UK CAA Extends The Open Category

Last updated on

December 9, 2022


Following a consultation by the UK Civil Aviation Authority (CAA) and an official decision by the Department for Transport (DfT), the transition and legacy provisions for drones operating in the open category will be extended until 1 January 2026.


  • The Transitional and Legacy provisions for UK drones in the Open category will now last until January 1, 2026.


  • As of December 23, 2022, there will be no UAS in the UK which are class marked, as required by UK Regulation (EU) 2019/945.


  • UAS in the Open Category can continue to be used as they have been so far if the legacy and transition provisions and the basic open category limits are met.


This will enable the CAA and DfT to review unmanned aircraft laws, including the open category, before 2026.

From the 23rd December 2022, the DfT will also withdraw automatic recognition of EU class marks as equivalent to UK class marks in The Aviation Safety and Air Traffic Management (Amendment) Regulations 2022.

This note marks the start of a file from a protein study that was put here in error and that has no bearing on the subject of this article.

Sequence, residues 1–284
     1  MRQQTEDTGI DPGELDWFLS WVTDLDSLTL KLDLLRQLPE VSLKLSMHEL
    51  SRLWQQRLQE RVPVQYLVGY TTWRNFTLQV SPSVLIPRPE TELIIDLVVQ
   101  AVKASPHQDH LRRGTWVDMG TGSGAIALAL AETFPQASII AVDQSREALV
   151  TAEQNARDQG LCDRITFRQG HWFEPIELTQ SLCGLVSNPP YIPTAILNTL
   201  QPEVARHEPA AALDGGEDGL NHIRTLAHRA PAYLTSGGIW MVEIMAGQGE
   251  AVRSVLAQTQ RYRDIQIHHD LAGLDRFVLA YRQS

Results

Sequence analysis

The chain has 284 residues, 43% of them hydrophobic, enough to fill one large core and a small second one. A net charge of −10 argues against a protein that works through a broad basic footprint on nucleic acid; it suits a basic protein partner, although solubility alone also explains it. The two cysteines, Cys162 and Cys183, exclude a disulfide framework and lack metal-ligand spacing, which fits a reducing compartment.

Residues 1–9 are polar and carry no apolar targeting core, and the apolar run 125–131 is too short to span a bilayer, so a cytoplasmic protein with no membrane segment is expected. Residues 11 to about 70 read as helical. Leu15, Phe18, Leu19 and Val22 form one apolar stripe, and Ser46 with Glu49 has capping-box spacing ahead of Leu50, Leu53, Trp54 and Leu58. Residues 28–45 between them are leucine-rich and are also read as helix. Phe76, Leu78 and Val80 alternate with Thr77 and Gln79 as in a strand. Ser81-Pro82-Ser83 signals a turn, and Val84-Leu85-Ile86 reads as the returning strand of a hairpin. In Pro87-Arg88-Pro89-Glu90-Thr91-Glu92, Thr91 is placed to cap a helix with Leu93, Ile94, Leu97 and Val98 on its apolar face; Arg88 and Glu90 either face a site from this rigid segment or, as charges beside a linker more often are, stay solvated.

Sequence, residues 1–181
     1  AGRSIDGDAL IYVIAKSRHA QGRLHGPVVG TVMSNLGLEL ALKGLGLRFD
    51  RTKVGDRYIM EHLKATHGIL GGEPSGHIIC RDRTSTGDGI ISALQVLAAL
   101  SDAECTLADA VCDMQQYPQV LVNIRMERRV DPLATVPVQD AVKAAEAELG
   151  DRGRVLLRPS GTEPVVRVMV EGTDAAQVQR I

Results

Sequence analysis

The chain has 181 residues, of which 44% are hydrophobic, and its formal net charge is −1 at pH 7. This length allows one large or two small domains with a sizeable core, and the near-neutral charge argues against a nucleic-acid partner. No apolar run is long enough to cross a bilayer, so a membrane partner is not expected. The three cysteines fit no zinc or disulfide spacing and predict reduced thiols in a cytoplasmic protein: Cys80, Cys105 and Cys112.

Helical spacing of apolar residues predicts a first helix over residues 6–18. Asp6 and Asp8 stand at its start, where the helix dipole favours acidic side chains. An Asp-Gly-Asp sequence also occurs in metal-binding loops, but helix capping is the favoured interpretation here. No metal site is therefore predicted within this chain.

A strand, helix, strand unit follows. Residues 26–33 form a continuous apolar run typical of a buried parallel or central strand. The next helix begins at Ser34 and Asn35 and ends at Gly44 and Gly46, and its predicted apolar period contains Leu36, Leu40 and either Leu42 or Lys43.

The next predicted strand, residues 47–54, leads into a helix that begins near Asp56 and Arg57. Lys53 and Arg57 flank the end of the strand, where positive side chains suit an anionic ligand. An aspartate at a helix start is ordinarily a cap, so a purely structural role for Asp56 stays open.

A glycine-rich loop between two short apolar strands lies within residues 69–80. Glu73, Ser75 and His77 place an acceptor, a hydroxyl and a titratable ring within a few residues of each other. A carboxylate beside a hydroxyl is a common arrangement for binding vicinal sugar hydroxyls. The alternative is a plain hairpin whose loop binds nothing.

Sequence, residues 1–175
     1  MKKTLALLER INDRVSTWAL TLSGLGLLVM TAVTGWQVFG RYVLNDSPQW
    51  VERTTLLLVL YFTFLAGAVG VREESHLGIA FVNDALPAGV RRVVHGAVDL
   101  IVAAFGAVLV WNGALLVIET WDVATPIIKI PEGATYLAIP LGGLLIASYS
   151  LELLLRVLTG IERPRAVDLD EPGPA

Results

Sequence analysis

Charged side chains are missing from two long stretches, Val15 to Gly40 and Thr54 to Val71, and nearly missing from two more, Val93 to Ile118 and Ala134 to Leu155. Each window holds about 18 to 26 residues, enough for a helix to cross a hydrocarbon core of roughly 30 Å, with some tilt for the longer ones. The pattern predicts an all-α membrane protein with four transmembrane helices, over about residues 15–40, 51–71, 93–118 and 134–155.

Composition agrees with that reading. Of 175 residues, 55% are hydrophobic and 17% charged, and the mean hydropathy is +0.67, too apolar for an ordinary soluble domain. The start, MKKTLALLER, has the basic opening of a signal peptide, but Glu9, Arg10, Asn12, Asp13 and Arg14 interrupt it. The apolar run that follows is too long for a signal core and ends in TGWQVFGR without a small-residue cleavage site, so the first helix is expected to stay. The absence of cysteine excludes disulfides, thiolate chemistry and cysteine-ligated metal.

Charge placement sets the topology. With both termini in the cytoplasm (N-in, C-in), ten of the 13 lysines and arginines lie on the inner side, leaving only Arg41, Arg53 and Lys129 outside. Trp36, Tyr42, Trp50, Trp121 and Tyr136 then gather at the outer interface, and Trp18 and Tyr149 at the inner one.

No specified standards, Market Surveillance Authority, or conformance assessment organisations have been established in the UK under UK Regulation (EU) 2019/945, hence manufacturers cannot meet the class marking criteria of this regulation.

There won’t be any UAS that can utilise the Open Category class mark requirements of UK Regulation (EU) 2019/947 as a result.

Any UAS operated in the Open Category, whether it has an EU class mark or not, must follow the ‘non-class mark’ Open Category limits and criteria. Most Open Category operators can continue to operate under the existing regulations.

Holders of an A2 Certificate of Competence with Transition and Legacy period dates of 31st December 2022 may continue to utilise these rights until the certificate expires or the new transition/legacy period ends (1st January 2026). No reissue is needed.

To make sure that the UAS regulatory framework remains adequate and fitting for the UK, the CAA is collaborating with the Department for Transport on a review of the UAS regulatory framework with emphasis on the Open Category.


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